Chilina Kennedy as Eva Peron and Juan Chioran (right) as Juan Peron with members of the compnay. Photo by: David Hou
Near the start of the second act of Evita, Chilina Kennedy, who plays the name role, comes on stage. She is dressed in a stunning white gown and has a swath of diamonds around her neck. She walks with poise and grace and stops in front of some microphones.
The usually loud orchestra reduces the decibel level and the strings take up a beautiful melody as Chilina sings “Don’t Cry for Me Argentina.” Her luscious voice at mid-range carries the song and sends thrills through the theatre. It is without a doubt the highlight of Andre Lloyd Webber’s 1978 smash hit musical Evita which is now playing at the Avon Theatre in Stratford.
Unfortunately it is almost the only highlight of the musical. The melody of “Don’t Cry for Me” is heard several times during the performance, sometimes only in snippets. There are some other notable musical moments in the musical but nothing comes close to “Don’t Cry.”
Evita has garnered an extraordinary number of awards and has been performed thousands of times in the thirty-two years since it opened. It is a type of rock opera which is through-written and contains a variety of musical styles from the classical sounding chorus “Requiem for Evita” to the “Waltz for Eva and Ché” to the trenchant “And the Money Kept Rolling in” sung by Ché and the chorus. And of course the great aria, “Don’t Cry for Me Argentina.”
Much of the music sounds like stentorian recitative even when it is not intended to. There are times when you felt that there was a contest if not a war between stage and pit and the musicians, being more numerous, tended to win. Most concert organizers seem convinced that people could not possibly enjoy music at less than eardrum-shattering volumes. Evita was not at that volume level but we may have enjoyed it more at a more civilized decibel range.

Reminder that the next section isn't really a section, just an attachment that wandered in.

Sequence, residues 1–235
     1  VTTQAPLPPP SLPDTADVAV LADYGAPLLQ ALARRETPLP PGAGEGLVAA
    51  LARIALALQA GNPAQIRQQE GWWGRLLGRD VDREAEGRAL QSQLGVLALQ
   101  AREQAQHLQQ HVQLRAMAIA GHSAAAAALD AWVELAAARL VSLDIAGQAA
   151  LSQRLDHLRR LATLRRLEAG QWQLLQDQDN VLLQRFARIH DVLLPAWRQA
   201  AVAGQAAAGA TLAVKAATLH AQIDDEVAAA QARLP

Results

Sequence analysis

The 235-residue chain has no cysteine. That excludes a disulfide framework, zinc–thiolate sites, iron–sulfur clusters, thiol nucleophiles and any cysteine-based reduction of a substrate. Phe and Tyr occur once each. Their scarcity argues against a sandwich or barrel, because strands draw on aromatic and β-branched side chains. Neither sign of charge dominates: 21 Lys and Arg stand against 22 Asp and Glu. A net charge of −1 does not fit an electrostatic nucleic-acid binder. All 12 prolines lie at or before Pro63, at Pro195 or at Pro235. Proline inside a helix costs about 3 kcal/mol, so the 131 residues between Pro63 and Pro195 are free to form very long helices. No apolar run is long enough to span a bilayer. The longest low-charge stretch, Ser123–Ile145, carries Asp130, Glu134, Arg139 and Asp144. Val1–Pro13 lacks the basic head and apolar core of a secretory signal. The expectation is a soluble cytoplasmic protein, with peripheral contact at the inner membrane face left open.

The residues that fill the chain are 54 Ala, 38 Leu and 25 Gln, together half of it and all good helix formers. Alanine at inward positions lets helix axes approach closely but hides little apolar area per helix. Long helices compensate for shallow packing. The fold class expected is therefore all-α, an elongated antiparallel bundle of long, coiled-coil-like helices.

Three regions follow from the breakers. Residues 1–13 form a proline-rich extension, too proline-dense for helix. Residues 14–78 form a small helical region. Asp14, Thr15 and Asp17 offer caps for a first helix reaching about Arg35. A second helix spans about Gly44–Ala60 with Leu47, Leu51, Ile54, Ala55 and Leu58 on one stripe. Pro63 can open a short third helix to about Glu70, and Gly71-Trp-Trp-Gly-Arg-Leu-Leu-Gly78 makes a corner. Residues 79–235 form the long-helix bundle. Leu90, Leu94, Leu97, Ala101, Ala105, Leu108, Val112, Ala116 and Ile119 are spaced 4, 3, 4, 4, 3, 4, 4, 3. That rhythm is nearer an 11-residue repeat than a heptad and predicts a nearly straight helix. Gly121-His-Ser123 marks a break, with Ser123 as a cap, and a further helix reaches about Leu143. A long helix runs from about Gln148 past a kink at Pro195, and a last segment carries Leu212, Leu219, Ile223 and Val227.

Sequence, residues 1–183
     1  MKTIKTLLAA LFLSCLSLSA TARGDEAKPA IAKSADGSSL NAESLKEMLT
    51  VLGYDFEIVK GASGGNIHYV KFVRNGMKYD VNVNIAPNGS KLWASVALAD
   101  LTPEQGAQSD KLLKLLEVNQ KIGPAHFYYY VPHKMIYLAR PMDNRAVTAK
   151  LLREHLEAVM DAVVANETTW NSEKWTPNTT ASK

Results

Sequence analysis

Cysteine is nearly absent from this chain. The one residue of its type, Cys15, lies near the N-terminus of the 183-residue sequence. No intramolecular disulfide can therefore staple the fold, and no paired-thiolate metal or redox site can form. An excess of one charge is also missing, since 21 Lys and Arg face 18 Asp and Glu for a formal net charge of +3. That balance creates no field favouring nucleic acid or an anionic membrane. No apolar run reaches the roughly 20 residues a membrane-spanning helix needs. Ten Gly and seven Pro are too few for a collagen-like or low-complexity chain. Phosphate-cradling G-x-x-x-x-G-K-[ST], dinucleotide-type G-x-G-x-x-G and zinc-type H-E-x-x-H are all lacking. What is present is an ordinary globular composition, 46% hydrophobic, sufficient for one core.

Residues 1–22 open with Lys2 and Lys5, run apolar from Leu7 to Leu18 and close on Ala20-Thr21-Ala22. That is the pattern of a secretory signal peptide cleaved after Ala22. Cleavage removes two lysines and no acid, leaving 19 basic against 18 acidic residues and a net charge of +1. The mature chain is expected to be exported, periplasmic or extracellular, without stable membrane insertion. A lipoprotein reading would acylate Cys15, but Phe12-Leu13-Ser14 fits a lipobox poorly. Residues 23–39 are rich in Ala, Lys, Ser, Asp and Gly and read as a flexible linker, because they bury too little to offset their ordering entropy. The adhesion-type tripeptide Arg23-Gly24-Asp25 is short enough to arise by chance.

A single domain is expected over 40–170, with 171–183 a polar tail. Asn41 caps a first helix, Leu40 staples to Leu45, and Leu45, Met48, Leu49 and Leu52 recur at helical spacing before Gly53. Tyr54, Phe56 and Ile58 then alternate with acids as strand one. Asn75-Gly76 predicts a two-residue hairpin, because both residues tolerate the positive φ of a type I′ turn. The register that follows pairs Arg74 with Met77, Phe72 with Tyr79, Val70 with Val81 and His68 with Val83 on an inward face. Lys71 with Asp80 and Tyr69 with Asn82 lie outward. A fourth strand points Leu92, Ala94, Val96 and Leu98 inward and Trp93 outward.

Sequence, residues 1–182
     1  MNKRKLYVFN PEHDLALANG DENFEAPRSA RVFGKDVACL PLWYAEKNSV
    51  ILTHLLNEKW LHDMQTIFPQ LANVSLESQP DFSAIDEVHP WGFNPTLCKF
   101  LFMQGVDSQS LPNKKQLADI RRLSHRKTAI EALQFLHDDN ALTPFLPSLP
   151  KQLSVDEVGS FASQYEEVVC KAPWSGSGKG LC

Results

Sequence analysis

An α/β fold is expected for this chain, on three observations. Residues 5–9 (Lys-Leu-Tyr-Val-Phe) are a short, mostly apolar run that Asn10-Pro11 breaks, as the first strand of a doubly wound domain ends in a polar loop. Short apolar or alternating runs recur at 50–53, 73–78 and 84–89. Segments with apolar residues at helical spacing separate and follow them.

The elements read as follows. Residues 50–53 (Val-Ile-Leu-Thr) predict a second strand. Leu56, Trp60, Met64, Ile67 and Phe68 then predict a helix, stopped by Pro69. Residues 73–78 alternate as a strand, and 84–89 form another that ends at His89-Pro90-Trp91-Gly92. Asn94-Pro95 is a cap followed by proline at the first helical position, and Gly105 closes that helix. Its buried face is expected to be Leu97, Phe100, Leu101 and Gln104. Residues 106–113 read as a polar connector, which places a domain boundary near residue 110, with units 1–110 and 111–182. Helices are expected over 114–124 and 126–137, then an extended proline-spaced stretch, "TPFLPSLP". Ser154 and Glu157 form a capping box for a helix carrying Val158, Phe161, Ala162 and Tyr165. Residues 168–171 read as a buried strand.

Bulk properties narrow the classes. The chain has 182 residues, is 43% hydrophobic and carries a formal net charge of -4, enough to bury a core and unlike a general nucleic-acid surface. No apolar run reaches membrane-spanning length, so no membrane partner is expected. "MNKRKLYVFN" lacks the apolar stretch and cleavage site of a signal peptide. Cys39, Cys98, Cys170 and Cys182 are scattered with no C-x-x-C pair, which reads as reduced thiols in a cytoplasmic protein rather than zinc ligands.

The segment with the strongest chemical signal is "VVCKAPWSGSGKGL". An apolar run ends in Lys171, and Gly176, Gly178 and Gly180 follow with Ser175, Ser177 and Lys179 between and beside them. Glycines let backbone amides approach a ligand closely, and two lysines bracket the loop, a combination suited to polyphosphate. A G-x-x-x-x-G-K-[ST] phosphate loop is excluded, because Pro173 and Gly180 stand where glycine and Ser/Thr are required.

Webber and Rice want to present the world of glamour, beauty and corruption as represented by Eva and Dictator Juan Peron on the one hand and the corruption and social injustice as seen through the rebel Ché (Josh Young), on the other.
Chilina Kennedy shines as Evita and her singing at mid-range is beautiful. Unfortunately, she does not do nearly as well when she has to reach for higher notes. If she did not have to fight (and sometimes lose) with the orchestra, she may have done better. Director Gar Griffin and Musical Director Rick Fox are accountable for that.
Young is a powerful performer who is given loud recitatives to point out the injustices of Argentina, a country with huge gold reserves that is going bankrupt and a nation that produces meat for export but rations food to its people.
Juan Chioran as Peron is tall and has the bearing of a gentleman if not necessarily a dictator and sings well. The be-medaled generals are there to give the military dictatorship ambience.
Evita is a definite crowd pleaser. It got a standing ovation and that’s as good a review as any production can expect.
Aside from the items that I have noted, the production did have considerable production values. Griffin kept a brisk pace throughout and the volume of the playing is no doubt part of creating and maintaining energy levels.
For me, one great song and some acceptable melodies followed by too much and too loud recitatives that are simply not to my taste do not a great night at the theatre make.
Evita by Andrew Lloyd Webber (music) and Tim Rice (lyrics) opened on June 10 and will run until October 30, 2010 at the Avon Theatre, Stratford, Ontario. www.stratfordfestival.ca 1-800-567-1600